"Relevant UN organizations need to allocate (more) core funding to water and need to review their policies. It is, for example, high time that WHO endorsed water, sanitation and hygiene as primary prevention."

Noting "persistent and serious data inconsistencies in water-related UN communications," the Board says a 2012 claim that the global goal for safe drinking water goal had been met was underpinned by the wrong assumption that all "improved" water sources provide safe, uncontaminated water.

UNSGAB points out "there is a difference between a drinking water source that is only 'improved' and drinking water that is truly safe."

"In many quarters, the correction has been made: safe means safe, that is, uncontaminated. However, in too many others, including official UN statements, the fallacy persists and the global need for safe drinking water is thus seriously underestimated."

The UNSGAB report also calls for global-level UN data to better illuminate back-sliding in access to water and sanitation services in cities: "the global regression seen today in urban areas is not currently being explicitly reported.”

Among other UNSGAB observations and recommendations:

A Heads of State Panel on Water to champion and lead global advocacy around critical issues.

A global approach to water, noting that "globalizing forces, such as virtual water flows, increasing water scarcity, water pollution and ecological degradation, intensifying water-related disasters and persistent and emerging global public health threats ... in many parts of the world, need to be more systematically addressed from a global perspective."

For businesses to develop comprehensive strategies to mitigate water risks, and for governments to engage with the private sector, "both as an enabling partner and as a key player that needs to be held accountable."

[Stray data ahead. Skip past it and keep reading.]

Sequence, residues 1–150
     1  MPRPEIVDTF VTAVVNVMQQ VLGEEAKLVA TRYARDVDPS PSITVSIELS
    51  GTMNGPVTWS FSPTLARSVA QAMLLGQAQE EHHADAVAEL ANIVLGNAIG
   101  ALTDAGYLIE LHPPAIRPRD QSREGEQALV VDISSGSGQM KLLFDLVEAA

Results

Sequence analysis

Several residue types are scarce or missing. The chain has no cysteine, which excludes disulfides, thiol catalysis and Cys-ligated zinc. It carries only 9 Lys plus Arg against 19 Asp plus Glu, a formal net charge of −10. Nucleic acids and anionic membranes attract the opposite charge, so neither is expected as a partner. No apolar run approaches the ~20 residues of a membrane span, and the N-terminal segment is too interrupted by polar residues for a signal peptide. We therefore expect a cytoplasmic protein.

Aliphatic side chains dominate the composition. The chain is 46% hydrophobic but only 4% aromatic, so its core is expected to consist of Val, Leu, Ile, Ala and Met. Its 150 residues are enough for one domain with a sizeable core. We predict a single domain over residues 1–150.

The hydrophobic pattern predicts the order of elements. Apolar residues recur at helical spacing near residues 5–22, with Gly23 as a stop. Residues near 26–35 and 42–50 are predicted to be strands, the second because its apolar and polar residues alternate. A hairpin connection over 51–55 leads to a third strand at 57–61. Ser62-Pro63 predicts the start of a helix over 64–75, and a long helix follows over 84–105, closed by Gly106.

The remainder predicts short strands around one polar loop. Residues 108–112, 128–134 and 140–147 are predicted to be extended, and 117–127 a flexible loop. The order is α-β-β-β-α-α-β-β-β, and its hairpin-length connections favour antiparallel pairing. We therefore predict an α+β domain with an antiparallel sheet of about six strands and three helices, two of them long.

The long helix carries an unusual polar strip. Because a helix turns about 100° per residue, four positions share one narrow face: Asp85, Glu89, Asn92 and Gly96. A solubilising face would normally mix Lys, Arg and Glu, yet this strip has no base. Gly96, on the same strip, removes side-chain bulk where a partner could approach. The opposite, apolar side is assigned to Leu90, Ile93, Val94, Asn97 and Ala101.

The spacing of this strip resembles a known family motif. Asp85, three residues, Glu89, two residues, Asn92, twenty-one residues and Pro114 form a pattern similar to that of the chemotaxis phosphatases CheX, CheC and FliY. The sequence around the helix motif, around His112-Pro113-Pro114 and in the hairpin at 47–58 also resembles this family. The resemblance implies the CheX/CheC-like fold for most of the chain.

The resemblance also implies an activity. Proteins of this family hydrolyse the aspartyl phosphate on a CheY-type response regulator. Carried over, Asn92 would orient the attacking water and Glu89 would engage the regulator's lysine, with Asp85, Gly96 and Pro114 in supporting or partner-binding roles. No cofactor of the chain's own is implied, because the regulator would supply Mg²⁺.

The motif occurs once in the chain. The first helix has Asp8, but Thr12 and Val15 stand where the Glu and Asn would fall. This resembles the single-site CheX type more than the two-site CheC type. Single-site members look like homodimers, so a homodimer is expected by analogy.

That governments consider making water-use reporting legally mandatory for listed companies and large cities.

Within governments, for "extraordinary measures need to be considered, such as the creation of well-embedded water units within ministries of finance, in order to strengthen water financing at national and local levels," and requiring water impact assessments of development investments, which would help promote funding for wastewater management.

Documenting and targeting for action the world's 20 water scarcity hotspots in both North and South.

For high priority to be placed on water management in post-conflict and fragile environmental contexts, which would help combat "causes for migration and flight."

Says UNSGAB Chair Uschi Eid: "Certainly, a lot has been accomplished, but the bucket of water challenges to be solved remains quite full."

"With the benefit of 11 years of perspective, our Board's distinguished members offer recommendations for global action and institutional reform, together with advice on how future independent advisory boards may organize for maximum impact."

Clustering comments around seven themes, the report details the efforts and accomplishments of the Board and other international actors, along with insights and recommendations on future strategies and actions.

Full 16-page report, to be presented to the Secretary-General Nov. 18, is available at
News conference: Press Briefing Room S-237, UN Secretariat, New York, Weds. 18 Nov., 11:15 AM US Eastern time; 16:15 GMT. Webcast:

Terry Collins